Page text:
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J Chem Inf Model. 2014 Mar 24;54(3):913-25. doi: 10.1021/ci4004927. Epub 2014 Mar 4.

BP-Dock: a flexible docking scheme for exploring protein-ligand interactions based on unbound structures.

Author information

1
Center for Biological Physics, Department of Physics, Arizona State University , Tempe, Arizona 85287, United States.

Abstract

Molecular docking serves as an important tool in modeling protein-ligand interactions. However, it is still challenging to incorporate overall receptor flexibility, especially backbone flexibility, in docking due to the large conformational space that needs to be sampled. To overcome this problem, we developed a novel flexible docking approach, BP-Dock (Backbone Perturbation-Dock) that can integrate both backbone and side chain conformational changes induced by ligand binding through a multi-scale approach. In the BP-Dock method, we mimic the nature of binding-induced events as a first-order approximation by perturbing the residues along the protein chain with a small Brownian kick one at a time. The response fluctuation profile of the chain upon these perturbations is computed using the perturbation response scanning method. These response fluctuation profiles are then used to generate binding-induced multiple receptor conformations for ensemble docking. To evaluate the performance of BP-Dock, we applied our approach on a large and diverse data set using unbound structures as receptors. We also compared the BP-Dock results with bound and unbound docking, where overall receptor flexibility was not taken into account. Our results highlight the importance of modeling backbone flexibility in docking for recapitulating the experimental binding affinities, especially when an unbound structure is used. With BP-Dock, we can generate a wide range of binding site conformations realized in nature even in the absence of a ligand that can help us to improve the accuracy of unbound docking. We expect that our fast and efficient flexible docking approach may further aid in our understanding of protein-ligand interactions as well as virtual screening of novel targets for rational drug design.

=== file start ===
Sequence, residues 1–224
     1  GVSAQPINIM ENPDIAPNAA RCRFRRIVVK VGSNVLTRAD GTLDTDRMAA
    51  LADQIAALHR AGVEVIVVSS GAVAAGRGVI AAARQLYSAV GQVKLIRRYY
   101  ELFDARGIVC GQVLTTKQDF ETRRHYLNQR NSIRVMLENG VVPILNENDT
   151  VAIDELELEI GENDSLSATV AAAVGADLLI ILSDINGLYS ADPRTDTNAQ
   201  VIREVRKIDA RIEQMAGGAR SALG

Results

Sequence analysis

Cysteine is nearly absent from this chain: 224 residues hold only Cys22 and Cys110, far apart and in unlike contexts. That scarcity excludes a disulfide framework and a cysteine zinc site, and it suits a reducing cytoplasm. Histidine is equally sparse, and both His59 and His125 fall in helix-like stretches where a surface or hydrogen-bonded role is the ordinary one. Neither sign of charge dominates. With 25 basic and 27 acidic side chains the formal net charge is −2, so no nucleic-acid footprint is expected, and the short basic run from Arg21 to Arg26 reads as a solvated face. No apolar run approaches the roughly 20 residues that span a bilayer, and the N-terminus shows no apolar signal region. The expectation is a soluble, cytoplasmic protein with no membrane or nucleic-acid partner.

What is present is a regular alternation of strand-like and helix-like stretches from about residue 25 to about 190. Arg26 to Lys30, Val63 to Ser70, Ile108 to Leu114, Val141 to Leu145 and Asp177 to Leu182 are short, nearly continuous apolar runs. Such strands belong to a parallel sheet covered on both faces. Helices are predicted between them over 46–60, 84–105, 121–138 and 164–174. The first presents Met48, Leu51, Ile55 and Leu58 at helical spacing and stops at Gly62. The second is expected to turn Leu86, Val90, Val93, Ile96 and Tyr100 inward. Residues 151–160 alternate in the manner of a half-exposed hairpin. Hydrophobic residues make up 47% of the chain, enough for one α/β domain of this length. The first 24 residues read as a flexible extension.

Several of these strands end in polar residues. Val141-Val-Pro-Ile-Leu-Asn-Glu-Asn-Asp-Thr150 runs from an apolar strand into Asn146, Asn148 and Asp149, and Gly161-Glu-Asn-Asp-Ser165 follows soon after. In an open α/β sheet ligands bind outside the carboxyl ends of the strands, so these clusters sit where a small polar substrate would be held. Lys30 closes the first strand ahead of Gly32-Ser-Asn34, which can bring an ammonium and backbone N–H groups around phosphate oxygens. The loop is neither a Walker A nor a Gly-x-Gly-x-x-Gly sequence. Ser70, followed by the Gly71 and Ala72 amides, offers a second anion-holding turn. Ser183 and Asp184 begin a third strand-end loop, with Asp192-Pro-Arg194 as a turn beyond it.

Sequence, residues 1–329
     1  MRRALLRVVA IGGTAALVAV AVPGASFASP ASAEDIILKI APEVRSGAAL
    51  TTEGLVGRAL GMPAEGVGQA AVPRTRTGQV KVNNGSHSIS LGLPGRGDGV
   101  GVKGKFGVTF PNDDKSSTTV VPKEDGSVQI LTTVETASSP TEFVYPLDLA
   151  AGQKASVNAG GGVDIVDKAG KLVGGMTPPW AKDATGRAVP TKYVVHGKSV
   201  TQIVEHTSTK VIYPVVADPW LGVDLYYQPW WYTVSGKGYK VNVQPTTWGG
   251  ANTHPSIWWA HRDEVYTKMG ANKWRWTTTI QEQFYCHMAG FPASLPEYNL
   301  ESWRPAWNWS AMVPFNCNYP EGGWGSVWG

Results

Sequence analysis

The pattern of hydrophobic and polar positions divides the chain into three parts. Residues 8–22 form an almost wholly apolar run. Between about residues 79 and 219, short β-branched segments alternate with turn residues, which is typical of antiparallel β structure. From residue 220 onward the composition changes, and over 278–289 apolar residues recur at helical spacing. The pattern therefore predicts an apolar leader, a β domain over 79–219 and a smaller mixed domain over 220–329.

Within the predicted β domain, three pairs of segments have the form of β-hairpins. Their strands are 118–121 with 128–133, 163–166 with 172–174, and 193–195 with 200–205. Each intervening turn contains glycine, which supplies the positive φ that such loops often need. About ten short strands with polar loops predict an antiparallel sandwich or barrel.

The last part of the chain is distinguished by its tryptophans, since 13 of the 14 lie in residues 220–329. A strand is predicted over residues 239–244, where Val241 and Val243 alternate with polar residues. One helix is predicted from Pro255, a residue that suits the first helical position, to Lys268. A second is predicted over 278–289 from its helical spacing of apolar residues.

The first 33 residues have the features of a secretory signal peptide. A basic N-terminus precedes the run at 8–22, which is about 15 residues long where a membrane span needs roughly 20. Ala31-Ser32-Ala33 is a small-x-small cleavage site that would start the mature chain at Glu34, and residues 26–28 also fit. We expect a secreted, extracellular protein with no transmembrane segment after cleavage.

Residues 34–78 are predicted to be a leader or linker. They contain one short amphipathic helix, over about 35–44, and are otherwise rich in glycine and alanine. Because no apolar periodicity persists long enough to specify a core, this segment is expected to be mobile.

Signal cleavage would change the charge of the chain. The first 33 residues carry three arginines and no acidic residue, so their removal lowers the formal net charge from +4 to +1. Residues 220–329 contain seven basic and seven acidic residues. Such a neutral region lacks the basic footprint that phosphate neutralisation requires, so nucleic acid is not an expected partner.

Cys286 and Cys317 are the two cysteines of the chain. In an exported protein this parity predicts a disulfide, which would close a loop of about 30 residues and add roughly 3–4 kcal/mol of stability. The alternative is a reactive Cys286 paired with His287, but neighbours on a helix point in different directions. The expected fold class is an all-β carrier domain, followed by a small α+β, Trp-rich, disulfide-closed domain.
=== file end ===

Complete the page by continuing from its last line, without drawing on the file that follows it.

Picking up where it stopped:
PMID:
24380381
PMCID:
PMC4857727
DOI:
10.1021/ci4004927
[Indexed for MEDLINE]
Free PMC Article

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